A DNS record is the basic unit of information in the DNS. A record is identified by a domain name (like www.example.com), a type (like A, AAAA, MX, NS, and so on) indicating the type of information contained in the record, some control information like DNS cache time-to-live (TTL), and "answer" data like server IPs, mail hosts, etc, depending on the record type.
The most common DNS record used, an A record simply maps a hostname to an IPv4 address (such as 126.96.36.199). The A record is required in order for users to reach your website or application using its hostname as opposed to memorizing the IPv4 address.
The AAAA Record (sometimes called a Quad A) operates in the same way a A records, except that they point to an IPv6 address (such as FE80::0202:B3FF:FE1E:8329). The IPv6 protocol is the successor to IPv4. While it is not currently as widely used, the need for IPv6 usage is growing constantly as the available address space in the IPv4 protocol is quickly running out
MX (or Mail eXchange) records are used to direct emails sent to your domain. MX records, coupled with a mail server can provide you and your employees, clients, etc. with emails on your own domain such as email@example.com. You can also add multiple MX records with varying priorities for redundancy, if you have multiple mail servers configured.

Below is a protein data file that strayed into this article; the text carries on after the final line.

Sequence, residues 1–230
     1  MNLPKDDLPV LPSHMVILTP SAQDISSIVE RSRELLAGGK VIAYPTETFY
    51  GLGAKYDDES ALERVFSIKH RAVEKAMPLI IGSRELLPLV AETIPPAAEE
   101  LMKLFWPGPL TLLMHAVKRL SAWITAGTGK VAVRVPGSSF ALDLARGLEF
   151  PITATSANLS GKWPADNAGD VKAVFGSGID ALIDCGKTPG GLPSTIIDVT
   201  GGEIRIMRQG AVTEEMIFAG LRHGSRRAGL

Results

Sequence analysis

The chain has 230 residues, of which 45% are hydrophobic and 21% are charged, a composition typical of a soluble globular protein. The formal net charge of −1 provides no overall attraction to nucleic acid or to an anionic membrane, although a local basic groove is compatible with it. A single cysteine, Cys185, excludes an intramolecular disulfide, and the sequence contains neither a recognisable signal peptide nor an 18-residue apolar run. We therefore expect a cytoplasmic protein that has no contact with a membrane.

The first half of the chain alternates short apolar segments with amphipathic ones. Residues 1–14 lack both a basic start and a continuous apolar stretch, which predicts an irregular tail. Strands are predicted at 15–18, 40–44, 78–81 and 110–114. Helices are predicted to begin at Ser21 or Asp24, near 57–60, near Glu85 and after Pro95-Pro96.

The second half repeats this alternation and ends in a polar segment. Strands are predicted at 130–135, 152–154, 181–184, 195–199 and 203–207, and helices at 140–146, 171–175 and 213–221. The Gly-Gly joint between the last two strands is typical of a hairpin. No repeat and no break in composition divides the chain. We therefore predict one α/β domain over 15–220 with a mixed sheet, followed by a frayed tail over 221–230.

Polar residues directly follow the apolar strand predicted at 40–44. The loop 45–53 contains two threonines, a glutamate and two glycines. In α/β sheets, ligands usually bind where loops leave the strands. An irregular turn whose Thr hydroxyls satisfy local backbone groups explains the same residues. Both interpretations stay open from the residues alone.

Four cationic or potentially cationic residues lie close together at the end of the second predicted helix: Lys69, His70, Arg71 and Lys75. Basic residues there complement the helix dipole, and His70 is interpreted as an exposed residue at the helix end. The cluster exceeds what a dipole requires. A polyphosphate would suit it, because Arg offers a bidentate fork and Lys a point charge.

CAA records allow domain owners to specify which certificate authorities (CAs) are allowed to issue SSL certificates for their domains. A single domain may contain multiple CAA records. The CAA record prevents any other CA from issuing an SSL certificate for your domain—only the CA(s) you authorized in the CAA record, can issue an SSL certificate for your domain.
CAA records are defined by RFC 6844 and specify the following fields:
CAA <flags> <tag> <value>
flagsis an unsigned integer between 0 and 255.
tagis a non-zero sequence of US-ASCII letters and numbers in lowercase.
valueis the <character-string> encoding of the value field.
$ORIGIN example.com @ CAA 0 issue "ca.example.net" @ CAA 0 iodef "mailto:firstname.lastname@example.org" @ CAA 0 iodef "http://iodef.example.com/"